As explained before (Sec. III C) considering horizontal or vertical patterns reduces the number of patterns that are available to calculate the patterns’ probabilities: from 62 patterns at time t using the arrangement in Ref. 28, to only 45 (44) in the horizontal (vertical) direction. This may account for the lower entropy values with horizontal or vertical arrangements (in both EC and EO states) when compared to the arrangements used in Refs. 28 and 45.

The averaging procedure performed in Fig. 4 (over subjects and over time) gives global information about the EC–EO states, but it does not provide information to discern the two states for a single subject. With this aim, we analyze in Fig. 5(a) the H t s t values. Here the symbols and the error bars represent the mean and the standard deviation of the distribution of H t s t values of the N = 107 subjects.

FIG. 5.

Permutation entropy and standard deviation obtained with spatial coding, for horizontal and vertical symbols, for raw and filtered data, for EO and EC states. The squares represent averages over subjects and the error bars indicate the standard deviation calculated over subjects. (a) H t s t and (b) σ ( H t s ) calculated with procedure B described in the text, (c) H p i s calculated with procedure C (spatial pooling).

FIG. 5.

Permutation entropy and standard deviation obtained with spatial coding, for horizontal and vertical symbols, for raw and filtered data, for EO and EC states. The squares represent averages over subjects and the error bars indicate the standard deviation calculated over subjects. (a) H t s t and (b) σ ( H t s ) calculated with procedure B described in the text, (c) H p i s calculated with procedure C (spatial pooling).

Close modal

As in Fig. 4, we observe that EC states usually display lower entropy than EO states, at least for the horizontal direction in the raw and filtered data, and in the vertical direction in the filtered data. However, this difference is not enough to discriminate the two states for individual subjects, as the variability of these quantities across subjects is relatively large.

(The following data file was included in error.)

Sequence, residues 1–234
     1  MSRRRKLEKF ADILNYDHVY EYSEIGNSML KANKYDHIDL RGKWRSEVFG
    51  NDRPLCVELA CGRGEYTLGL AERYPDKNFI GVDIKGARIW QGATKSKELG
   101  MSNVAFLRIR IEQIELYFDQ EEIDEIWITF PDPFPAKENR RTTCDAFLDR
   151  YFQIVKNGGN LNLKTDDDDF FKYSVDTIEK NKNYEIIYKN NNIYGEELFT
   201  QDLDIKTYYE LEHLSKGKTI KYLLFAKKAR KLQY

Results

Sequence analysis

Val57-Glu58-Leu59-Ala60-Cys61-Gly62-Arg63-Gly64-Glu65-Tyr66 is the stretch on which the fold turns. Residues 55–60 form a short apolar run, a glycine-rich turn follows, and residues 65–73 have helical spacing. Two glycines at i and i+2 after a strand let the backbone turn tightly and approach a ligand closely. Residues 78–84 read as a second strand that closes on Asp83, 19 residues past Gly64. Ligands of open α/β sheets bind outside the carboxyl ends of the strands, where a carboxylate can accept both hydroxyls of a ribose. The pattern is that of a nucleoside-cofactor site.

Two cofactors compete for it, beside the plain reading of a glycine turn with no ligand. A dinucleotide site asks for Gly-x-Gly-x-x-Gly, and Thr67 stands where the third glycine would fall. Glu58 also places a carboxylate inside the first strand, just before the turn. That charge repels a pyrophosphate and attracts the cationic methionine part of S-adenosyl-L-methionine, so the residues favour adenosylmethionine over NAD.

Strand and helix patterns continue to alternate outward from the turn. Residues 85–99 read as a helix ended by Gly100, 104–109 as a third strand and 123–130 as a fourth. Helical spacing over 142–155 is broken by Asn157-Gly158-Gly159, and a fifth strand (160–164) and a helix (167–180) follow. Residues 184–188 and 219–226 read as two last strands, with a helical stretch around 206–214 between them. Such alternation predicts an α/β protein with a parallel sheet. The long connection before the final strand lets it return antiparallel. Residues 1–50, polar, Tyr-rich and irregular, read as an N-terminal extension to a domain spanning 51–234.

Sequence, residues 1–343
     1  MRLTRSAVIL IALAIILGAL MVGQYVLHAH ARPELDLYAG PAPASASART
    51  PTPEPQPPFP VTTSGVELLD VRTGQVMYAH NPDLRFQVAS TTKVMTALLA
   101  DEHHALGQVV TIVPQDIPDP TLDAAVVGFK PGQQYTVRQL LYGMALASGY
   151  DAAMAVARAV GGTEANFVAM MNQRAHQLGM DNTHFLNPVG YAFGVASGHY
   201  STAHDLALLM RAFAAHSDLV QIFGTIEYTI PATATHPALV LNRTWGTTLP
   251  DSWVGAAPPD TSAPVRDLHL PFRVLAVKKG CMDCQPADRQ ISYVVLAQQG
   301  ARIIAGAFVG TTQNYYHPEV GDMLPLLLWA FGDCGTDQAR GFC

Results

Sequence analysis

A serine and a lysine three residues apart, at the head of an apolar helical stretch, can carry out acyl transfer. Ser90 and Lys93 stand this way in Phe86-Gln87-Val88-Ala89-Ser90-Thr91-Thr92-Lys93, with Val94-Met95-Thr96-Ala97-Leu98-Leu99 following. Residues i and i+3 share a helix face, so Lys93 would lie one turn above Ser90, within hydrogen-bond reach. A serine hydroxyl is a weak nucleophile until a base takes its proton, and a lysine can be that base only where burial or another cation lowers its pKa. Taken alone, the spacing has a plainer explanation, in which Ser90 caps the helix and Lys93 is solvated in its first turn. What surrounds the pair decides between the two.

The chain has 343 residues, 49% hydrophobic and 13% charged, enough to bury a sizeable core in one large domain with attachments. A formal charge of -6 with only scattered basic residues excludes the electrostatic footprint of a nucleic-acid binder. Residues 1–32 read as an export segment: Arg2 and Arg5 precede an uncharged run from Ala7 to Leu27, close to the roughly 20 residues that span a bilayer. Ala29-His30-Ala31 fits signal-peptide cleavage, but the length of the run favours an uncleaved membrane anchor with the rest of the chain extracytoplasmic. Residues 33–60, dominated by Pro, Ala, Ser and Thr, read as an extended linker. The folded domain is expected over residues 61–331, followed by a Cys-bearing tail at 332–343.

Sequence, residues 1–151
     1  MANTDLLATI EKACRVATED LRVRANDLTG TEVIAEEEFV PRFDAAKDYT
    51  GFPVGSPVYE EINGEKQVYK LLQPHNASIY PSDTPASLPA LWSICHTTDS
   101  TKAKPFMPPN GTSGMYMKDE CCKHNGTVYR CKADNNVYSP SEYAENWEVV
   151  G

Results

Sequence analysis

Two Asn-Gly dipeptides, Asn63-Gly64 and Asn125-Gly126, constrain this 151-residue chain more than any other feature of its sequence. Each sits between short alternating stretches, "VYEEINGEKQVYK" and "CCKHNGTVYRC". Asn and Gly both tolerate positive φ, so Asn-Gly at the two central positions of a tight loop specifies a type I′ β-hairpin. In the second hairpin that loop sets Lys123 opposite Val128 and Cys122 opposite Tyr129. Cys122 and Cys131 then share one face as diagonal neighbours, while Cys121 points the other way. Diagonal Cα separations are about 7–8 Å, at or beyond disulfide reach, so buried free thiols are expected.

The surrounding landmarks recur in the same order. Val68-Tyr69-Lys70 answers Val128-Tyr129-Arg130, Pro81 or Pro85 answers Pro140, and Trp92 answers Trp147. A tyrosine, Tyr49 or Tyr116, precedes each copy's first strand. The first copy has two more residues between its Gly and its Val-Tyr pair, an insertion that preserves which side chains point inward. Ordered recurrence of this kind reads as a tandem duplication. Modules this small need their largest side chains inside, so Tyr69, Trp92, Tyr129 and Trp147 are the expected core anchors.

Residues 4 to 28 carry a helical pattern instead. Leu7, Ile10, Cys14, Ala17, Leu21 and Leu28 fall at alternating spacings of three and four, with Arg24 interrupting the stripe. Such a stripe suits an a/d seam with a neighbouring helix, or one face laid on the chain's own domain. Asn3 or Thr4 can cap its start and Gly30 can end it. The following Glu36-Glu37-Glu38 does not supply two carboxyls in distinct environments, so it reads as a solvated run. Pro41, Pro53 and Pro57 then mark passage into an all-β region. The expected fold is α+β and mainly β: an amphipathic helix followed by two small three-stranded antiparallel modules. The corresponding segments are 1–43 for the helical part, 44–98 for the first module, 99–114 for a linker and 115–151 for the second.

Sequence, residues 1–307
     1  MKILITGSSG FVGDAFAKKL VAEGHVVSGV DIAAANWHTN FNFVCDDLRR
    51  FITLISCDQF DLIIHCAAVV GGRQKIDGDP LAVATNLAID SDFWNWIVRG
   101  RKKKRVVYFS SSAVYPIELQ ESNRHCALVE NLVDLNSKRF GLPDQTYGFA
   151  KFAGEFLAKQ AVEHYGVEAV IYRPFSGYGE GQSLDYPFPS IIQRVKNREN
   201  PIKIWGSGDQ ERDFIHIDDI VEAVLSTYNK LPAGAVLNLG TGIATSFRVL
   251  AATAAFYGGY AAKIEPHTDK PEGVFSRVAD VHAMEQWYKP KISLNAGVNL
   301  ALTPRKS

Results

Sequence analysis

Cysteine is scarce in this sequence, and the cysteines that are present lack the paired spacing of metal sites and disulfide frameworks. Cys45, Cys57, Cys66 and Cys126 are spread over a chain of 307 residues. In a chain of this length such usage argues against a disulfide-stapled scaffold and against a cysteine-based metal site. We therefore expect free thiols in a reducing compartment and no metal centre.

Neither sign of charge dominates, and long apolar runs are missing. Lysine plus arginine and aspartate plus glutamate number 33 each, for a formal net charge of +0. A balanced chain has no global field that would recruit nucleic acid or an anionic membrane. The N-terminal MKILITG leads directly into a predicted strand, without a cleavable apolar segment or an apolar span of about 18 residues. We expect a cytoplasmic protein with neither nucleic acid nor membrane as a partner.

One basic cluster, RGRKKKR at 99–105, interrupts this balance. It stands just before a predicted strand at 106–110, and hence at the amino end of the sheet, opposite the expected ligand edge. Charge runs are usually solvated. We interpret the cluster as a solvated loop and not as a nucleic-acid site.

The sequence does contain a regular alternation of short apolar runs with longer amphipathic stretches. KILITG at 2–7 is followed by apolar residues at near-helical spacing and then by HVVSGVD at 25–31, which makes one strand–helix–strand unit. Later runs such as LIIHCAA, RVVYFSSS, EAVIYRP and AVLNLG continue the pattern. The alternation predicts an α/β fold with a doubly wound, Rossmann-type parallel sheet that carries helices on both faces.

Figures 5(b) and 5(c) display σ ( H t s ) and H p i s respectively (procedures B and C). σ ( H t s ), in particular, provides information about how much variability in time there is in H t s. We observe that, usually, the EC state has higher σ ( H t s ) than the EO state. As in the previous case, the behavior is the opposite when analyzing the raw data with vertical patterns. As for H t s t, these differences are not enough to separate both states. For H p i s, a very similar behavior to H t s t is observed, but with slightly higher values, likely due to the fact that pooling increases the available number of patterns to calculate the probabilities. This increase in the available patterns allows us to use this method employing longer ordinal patterns ( d > 3) and larger τ values. However, we did not observe any significant difference from the case d = 3, τ = 1, when testing for the combinations ( d = 3 , 4 , 5 , 6 ; τ = 1 ) and ( d = 3 ; τ = 1 , 2 , 3 , 4 ).

We note that there is a clear difference in the size of the error bars in Figs. 4 and 5. As explained before, in Fig. 4 the same procedure as in Ref. 28 was used, in which the first average over subjects removes the inter-subject variability, which is the primal source of variance, and thus the error bars only capture the small temporal variability of the subject-averaged entropy. On the contrary, the time average of H t s t, shown in Fig. 5(a), washes out the temporal variability, and the error bars show the high variability over subjects.

In Fig. 6 we report the results obtained with temporal coding (procedures A and D). The analysis is similar to that reported in Ref. 27, but here we use d = 3. We observe a similar behavior as with spatial coding: EC states have lower entropy and higher standard deviation than EO states, and pooling provides very similar values as averaging. In fact, in the raw data, the correlation coefficient of the 107 values of H t s t and H p t s is 0.997 for both EC and EO states. Therefore, “temporal pooling”—computing the entropy from the probabilities of temporal symbols regardless of the channel where their occur—is, at least for this dataset, equivalent to computing the entropy of each channel and then averaging over channels. We have also evaluated all possible combination of d = 3 , 4 , 5 , 6 and τ = 1 , 2 , 4 , 8, verifying that they yield similar results.

FIG. 6.

Permutation entropy and standard deviation obtained with temporal coding, for raw and filtered data, for EO and EC states. The squares represent averages over subjects and the error bars indicate the standard deviation calculated over subjects. (a) H i s i and (b) σ ( H i s ) calculated with procedure A described in the text, (c) H p t s calculated with procedure D (temporal pooling).